The play clock (and it's operator of course) play a vital function in the game. It provides a drum beat like tempo. College football teams spend lots of time in practice getting off the ground, re-grouping in a meeting called a huddle, deciding on the next course of action, moving to the line of scrimmage (where the ball is located), getting everyone (11 "employees") positioned where they are supposed to be, and then executing the agreed to play. In a typical game, the offensive team will repeat this routine (kata) between 75 and 95 times. Time n the huddle (the time spent on the next course of action) is typically 15 seconds.

Without the play clock, managers (the coaches) would have all the time in the world to debate, argue or contemplate what they want to do next. 2, 3, 5 minutes if they want.

Let's turn this thinking to our company meetings. Often there is no play clock at all. Back in the day (before LEAN) I can remember meetings in my own company that lasted hours. I remember meetings that would start and some invitees would show up late and we'd have to get the late arrival up to speed. One topic would morph into another, the chairs in the conference room were very comfortable, as was the temperature and humidity.

Then the LEAN started. Daily huddles, Dozens of A3 meetings and closings each week, and GEMBA walks (aka walking meetings). Suddenly we had to install some kind of play clock for all of these little get togethers. All meetings should be done standing up at the GEMBA (where the work is), and NO meeting would last more than 25 minutes.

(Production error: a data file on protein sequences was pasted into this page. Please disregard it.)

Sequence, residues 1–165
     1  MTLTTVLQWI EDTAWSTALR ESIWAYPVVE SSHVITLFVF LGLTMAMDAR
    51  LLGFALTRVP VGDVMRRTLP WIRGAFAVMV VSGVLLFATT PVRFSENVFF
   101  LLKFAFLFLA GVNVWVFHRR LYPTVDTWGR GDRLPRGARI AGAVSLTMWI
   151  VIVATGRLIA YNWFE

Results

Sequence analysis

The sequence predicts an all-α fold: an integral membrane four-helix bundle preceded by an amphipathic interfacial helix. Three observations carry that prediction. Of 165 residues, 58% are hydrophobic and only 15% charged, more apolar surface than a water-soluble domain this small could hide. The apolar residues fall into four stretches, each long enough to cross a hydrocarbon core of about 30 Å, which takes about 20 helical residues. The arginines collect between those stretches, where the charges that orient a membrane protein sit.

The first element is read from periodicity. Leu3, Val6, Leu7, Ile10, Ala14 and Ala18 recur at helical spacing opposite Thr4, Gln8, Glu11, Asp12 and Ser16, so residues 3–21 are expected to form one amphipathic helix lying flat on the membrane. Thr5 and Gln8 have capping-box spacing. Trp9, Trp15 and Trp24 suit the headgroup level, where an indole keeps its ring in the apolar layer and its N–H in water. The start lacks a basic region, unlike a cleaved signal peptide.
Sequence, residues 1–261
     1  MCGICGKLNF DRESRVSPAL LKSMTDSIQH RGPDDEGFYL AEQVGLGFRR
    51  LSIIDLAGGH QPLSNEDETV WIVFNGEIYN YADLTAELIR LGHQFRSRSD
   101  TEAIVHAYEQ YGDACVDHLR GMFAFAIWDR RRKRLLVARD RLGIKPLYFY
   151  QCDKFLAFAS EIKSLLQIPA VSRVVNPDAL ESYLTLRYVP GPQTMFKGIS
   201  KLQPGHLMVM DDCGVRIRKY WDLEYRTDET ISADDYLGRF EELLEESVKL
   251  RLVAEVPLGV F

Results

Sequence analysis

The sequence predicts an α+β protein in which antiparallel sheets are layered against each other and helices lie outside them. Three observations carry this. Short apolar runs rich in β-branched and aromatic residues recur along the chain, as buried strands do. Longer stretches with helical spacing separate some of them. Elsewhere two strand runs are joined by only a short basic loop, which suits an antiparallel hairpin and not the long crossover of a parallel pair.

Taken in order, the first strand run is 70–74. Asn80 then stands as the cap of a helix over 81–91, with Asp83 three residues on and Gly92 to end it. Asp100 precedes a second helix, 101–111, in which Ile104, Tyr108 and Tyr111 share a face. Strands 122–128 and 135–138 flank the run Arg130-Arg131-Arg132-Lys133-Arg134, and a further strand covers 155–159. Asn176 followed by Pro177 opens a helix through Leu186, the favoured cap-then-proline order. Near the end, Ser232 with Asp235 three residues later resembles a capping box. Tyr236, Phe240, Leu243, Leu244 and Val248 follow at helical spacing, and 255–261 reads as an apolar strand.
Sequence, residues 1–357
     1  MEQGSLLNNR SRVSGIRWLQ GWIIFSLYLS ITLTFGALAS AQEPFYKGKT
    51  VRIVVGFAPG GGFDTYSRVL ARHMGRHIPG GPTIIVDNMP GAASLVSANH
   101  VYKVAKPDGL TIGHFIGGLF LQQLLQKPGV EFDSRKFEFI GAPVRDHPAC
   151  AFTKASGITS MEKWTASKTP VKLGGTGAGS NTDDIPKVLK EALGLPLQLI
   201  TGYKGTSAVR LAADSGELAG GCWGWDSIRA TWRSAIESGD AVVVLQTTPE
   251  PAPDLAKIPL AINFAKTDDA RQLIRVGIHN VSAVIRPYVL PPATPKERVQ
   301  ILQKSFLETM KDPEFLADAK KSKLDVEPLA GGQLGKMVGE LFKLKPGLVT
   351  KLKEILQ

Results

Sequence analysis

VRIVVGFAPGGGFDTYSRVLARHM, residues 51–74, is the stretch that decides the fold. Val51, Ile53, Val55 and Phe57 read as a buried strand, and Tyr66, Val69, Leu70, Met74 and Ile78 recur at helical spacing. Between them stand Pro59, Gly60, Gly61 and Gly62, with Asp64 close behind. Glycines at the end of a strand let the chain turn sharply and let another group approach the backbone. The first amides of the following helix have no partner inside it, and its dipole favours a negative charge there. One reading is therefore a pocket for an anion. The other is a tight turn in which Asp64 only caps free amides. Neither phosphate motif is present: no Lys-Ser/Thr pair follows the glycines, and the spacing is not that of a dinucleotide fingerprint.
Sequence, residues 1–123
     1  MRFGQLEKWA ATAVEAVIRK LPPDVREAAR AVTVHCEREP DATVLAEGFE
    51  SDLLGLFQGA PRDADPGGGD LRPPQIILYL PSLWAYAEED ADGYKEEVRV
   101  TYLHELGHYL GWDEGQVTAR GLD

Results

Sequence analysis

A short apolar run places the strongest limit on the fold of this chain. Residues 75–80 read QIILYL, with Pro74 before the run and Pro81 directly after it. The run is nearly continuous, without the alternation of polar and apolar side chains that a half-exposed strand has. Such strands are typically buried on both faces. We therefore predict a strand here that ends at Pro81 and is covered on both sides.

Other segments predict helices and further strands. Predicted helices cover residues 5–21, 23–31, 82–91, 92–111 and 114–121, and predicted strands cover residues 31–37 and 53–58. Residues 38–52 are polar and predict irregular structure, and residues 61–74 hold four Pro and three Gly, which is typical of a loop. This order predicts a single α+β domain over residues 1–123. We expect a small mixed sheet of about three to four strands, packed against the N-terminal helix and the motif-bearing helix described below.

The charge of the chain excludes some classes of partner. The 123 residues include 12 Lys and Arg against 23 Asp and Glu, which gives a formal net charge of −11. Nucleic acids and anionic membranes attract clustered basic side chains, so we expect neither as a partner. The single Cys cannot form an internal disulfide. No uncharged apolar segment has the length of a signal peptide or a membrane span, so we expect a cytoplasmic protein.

LEAN is really time management. We are determined that we will spend our time doing value added work (the customer will gladly pay for it) vs. non-value added (chock full of the 8 wastes). No customer on the planet would consider people sitting in meetings something they would pay for. We need to bring a new discipline to our business. Our meetings need to be more like huddles. Standing up. Come prepared. Get what we need to know communicated and then go execute. With a game clock. 

Friday, September 1, 2017

People Will Be Slow to Buy-In!

I guess many of us like to think of ourselves as the great communicator. The great convincer.

Looking back at my own first lean journey (Green Mile) at my own company, I often think to myself, "self, what is the one big thing I know now that I wish I knew then?" Now keep in mind, ultimately, the journey was definitely worth the trip, based on productivity alone (a 60% increase in sales without adding another person over 3 years or so. That means people could be paid more money).

The one thing I wish I knew was the fact that you can't inspire your way to a culture of continuous improvement! You kind of have to perspire you're way. Now in my business, we ran things pretty much the same way for decades. It wasn't until we lost money one year did I realize we needed to shift gears and employ a different game plan. After some research, I thought this LEAN thing might be the answer. I went and got myself certified, and it all seemed to make sense (to me) and seemed simple enough (to me). I had a vision of a pep rally at work when I introduce this thing, music blaring, people getting so excited they carry me off the field on their shoulders.